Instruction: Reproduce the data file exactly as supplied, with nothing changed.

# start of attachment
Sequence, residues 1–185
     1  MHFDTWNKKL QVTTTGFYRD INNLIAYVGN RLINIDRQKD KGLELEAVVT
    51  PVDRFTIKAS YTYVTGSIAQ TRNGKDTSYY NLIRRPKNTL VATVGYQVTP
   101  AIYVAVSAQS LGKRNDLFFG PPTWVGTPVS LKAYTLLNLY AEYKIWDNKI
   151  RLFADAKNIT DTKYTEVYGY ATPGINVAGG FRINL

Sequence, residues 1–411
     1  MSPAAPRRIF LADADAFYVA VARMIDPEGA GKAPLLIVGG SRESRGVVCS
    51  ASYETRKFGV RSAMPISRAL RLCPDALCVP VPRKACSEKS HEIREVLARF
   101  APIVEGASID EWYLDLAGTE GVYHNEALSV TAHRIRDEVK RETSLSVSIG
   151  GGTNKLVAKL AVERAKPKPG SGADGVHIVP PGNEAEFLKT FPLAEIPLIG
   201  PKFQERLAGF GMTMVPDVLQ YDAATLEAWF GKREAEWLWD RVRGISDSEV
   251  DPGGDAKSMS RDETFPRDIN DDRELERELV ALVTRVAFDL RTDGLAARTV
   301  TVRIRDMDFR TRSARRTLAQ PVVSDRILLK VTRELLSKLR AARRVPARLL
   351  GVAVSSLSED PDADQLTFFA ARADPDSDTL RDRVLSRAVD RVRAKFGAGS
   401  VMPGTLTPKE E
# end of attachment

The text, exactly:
Sequence, residues 1–185
     1  MHFDTWNKKL QVTTTGFYRD INNLIAYVGN RLINIDRQKD KGLELEAVVT
    51  PVDRFTIKAS YTYVTGSIAQ TRNGKDTSYY NLIRRPKNTL VATVGYQVTP
   101  AIYVAVSAQS LGKRNDLFFG PPTWVGTPVS LKAYTLLNLY AEYKIWDNKI
   151  RLFADAKNIT DTKYTEVYGY ATPGINVAGG FRINL

Sequence, residues 1–411
     1  MSPAAPRRIF LADADAFYVA VARMIDPEGA GKAPLLIVGG SRESRGVVCS
    51  ASYETRKFGV RSAMPISRAL RLCPDALCVP VPRKACSEKS HEIREVLARF
   101  APIVEGASID EWYLDLAGTE GVYHNEALSV TAHRIRDEVK RETSLSVSIG
   151  GGTNKLVAKL AVERAKPKPG SGADGVHIVP PGNEAEFLKT FPLAEIPLIG
   201  PKFQERLAGF GMTMVPDVLQ YDAATLEAWF GKREAEWLWD RVRGISDSEV
   251  DPGGDAKSMS RDETFPRDIN DDRELERELV ALVTRVAFDL RTDGLAARTV
   301  TVRIRDMDFR TRSARRTLAQ PVVSDRILLK VTRELLSKLR AARRVPARLL
   351  GVAVSSLSED PDADQLTFFA ARADPDSDTL RDRVLSRAVD RVRAKFGAGS
   401  VMPGTLTPKE E